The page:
Selfridges, a UK department store, is selling NFTs and digital fashion in its Oxford Street store in London, bringing digital goods to real-life shopping and expanding their accessibility in fashion.
The fusion of virtual and physical worlds will debut as part of a pop-up featuring artwork by Victor Vasarely and new physical pieces inspired by Victor Vasarely’s work from designer brand Paco Rabanne. The NFTs, which can be purchased using a traditional credit card through an in-store digital screen, will include digital versions of Paco Rabanne’s first dresses.
Between the 28th of January and the 12th of March, around 1,800 NFTs will be released, with prices ranging from £2,000 to more than £100,000; select Paco Rabanne NFTs will be sold alongside their physical counterparts, and the digital versions can be worn across multiple virtual platforms. Some pieces will be recreations of designs from the 1960s that were never produced. The funds raised will benefit the Fondation Vasarely Museum in Aix-en-Provence, which houses and restores works by the artist. When a customer purchases the NFT, the Substance automatically creates an NFT wallet for them, where the NFT is saved.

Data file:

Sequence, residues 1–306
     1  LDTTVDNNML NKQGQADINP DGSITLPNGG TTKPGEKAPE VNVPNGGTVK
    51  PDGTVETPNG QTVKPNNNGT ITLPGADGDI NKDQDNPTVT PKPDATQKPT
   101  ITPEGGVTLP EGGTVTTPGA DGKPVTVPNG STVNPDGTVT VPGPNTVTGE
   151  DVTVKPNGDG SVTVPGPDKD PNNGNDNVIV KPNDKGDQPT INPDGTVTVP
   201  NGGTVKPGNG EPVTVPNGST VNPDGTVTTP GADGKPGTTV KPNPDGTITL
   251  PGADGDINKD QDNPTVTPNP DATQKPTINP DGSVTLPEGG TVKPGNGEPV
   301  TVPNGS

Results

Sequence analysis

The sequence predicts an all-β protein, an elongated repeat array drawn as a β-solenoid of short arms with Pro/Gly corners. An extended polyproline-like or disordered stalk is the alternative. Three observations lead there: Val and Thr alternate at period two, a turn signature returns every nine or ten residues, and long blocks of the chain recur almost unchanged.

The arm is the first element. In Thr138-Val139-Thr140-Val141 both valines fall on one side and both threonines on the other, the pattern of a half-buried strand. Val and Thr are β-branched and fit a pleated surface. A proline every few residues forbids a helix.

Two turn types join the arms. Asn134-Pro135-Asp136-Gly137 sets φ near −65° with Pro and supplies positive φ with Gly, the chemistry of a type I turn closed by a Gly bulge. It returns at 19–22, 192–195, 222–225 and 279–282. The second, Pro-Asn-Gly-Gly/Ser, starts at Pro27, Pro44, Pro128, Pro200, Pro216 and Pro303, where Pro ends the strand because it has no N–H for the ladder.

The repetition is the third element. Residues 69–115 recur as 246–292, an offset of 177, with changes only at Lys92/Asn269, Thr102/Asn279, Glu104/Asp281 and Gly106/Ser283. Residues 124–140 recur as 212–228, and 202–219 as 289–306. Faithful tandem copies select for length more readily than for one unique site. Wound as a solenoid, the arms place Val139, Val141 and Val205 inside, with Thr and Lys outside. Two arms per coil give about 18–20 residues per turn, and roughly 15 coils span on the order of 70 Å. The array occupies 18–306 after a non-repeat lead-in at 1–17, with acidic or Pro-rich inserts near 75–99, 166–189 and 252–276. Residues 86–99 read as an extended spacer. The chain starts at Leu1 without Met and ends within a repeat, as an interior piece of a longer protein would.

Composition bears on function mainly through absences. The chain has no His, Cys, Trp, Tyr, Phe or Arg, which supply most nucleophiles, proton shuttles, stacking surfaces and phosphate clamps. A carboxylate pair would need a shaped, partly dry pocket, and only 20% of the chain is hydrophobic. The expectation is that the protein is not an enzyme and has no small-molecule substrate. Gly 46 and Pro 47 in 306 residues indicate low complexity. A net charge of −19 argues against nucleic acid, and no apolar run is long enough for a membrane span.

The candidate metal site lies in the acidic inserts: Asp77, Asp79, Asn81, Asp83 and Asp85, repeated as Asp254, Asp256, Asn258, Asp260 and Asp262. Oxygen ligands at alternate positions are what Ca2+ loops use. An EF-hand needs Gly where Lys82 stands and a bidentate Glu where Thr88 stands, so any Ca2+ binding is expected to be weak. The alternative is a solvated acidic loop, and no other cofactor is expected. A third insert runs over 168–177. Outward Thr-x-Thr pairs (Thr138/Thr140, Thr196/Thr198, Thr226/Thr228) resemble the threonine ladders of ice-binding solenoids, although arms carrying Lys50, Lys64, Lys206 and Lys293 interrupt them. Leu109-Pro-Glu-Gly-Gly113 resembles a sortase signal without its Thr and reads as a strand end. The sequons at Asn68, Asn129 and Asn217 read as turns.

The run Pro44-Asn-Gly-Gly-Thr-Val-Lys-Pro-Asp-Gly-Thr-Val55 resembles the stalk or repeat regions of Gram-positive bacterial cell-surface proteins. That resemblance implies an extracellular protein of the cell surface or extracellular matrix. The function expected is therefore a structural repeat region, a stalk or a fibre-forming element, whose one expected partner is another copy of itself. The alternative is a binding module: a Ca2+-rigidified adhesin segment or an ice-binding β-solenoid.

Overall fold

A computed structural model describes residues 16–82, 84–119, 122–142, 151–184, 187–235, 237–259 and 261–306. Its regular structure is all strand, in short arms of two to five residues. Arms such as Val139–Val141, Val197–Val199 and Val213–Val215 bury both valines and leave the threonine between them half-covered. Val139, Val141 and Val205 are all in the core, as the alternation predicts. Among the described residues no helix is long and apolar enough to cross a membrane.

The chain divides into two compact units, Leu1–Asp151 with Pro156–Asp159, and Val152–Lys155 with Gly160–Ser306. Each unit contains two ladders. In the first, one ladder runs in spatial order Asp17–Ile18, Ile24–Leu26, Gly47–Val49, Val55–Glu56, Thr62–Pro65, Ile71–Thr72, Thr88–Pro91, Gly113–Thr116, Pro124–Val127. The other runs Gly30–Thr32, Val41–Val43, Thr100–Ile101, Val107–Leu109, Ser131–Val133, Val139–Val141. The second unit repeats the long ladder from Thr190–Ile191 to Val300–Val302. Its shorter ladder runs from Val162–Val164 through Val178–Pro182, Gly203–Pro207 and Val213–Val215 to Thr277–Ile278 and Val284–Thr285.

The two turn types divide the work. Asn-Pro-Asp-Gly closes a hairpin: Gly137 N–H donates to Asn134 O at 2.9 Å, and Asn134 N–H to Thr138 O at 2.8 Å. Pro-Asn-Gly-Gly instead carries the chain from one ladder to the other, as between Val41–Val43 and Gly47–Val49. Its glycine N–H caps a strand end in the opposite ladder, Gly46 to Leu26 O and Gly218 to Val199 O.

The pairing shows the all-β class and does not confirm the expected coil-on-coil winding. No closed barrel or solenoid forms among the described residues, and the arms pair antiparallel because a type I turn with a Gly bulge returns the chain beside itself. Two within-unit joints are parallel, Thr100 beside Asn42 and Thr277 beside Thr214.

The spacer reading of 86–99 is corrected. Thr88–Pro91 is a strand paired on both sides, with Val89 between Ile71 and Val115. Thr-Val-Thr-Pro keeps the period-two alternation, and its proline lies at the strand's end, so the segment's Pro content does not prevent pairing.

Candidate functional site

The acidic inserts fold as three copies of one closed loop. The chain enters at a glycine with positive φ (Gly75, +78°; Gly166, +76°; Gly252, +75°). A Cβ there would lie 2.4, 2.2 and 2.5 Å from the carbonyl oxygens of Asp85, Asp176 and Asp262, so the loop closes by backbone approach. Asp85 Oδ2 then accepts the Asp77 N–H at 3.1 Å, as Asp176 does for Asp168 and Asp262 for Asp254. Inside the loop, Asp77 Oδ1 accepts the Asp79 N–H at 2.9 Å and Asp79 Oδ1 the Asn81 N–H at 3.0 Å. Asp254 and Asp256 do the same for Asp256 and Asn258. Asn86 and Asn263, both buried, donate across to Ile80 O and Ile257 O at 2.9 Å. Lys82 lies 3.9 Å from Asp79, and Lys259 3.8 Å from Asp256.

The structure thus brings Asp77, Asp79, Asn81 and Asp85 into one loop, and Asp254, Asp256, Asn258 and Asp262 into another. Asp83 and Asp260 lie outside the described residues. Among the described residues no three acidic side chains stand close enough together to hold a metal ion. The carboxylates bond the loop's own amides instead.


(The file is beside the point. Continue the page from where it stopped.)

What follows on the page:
According to Attard, Selfridges’ project is likely to introduce new customers to the world of NFTs. “You only have the experience if you remove the words ‘NFT,’ ‘crypto,’ and ‘blockchain.’ “Even when you pay at a normal till, you have no idea how it works,” he says. According to Attard, the project also includes a virtual environment in the metaverse platform Decentraland where people can interact with patterns inspired by Vasarely, whose work feels contemporary today. Selfridges has been an early adopter of new technologies, including an October collaboration with emerging designer Charli Cohen, which included access to a virtual environment and multiple augmented reality installations.
According to Attard, Selfridges and Sebastian Manes, Selfridges’ executive buying and merchandising directors, were especially careful in understanding the opportunities in the space and developing a long-term strategy. “It’s critical to understand the space and what is possible in retail, as well as how NFTs transform the fashion experience.” Much of the work, he adds, consists in establishing an infrastructure that allows for ongoing experiences. “NFTs are more than just an eCommerce experience,” he says, adding that projects like this — which revive historic works and provide access to previously inaccessible goods and experiences, for example — demonstrate how NFTs can help showcase the culture and add more elements to fashion consumption.